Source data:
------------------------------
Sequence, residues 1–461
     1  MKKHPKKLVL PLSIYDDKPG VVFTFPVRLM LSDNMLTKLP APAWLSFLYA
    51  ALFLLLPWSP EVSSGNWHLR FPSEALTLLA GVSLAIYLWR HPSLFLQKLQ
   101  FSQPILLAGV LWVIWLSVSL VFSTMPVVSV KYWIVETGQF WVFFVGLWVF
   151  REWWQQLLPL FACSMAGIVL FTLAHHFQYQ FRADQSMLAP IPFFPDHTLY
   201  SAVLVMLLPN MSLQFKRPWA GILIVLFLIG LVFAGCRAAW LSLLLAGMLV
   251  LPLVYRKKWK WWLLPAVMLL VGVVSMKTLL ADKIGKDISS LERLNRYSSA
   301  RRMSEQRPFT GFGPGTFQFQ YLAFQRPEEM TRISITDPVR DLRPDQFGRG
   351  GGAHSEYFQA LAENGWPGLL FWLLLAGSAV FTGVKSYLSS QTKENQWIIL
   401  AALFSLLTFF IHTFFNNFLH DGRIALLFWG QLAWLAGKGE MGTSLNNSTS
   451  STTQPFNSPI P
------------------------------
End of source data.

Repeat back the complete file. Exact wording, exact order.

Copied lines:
Sequence, residues 1–461
     1  MKKHPKKLVL PLSIYDDKPG VVFTFPVRLM LSDNMLTKLP APAWLSFLYA
    51  ALFLLLPWSP EVSSGNWHLR FPSEALTLLA GVSLAIYLWR HPSLFLQKLQ
   101  FSQPILLAGV LWVIWLSVSL VFSTMPVVSV KYWIVETGQF WVFFVGLWVF
   151  REWWQQLLPL FACSMAGIVL FTLAHHFQYQ FRADQSMLAP IPFFPDHTLY
   201  SAVLVMLLPN MSLQFKRPWA GILIVLFLIG LVFAGCRAAW LSLLLAGMLV
   251  LPLVYRKKWK WWLLPAVMLL VGVVSMKTLL ADKIGKDISS LERLNRYSSA
   301  RRMSEQRPFT GFGPGTFQFQ YLAFQRPEEM TRISITDPVR DLRPDQFGRG
   351  GGAHSEYFQA LAENGWPGLL FWLLLAGSAV FTGVKSYLSS QTKENQWIIL
   401  AALFSLLTFF IHTFFNNFLH DGRIALLFWG QLAWLAGKGE MGTSLNNSTS
   451  STTQPFNSPI P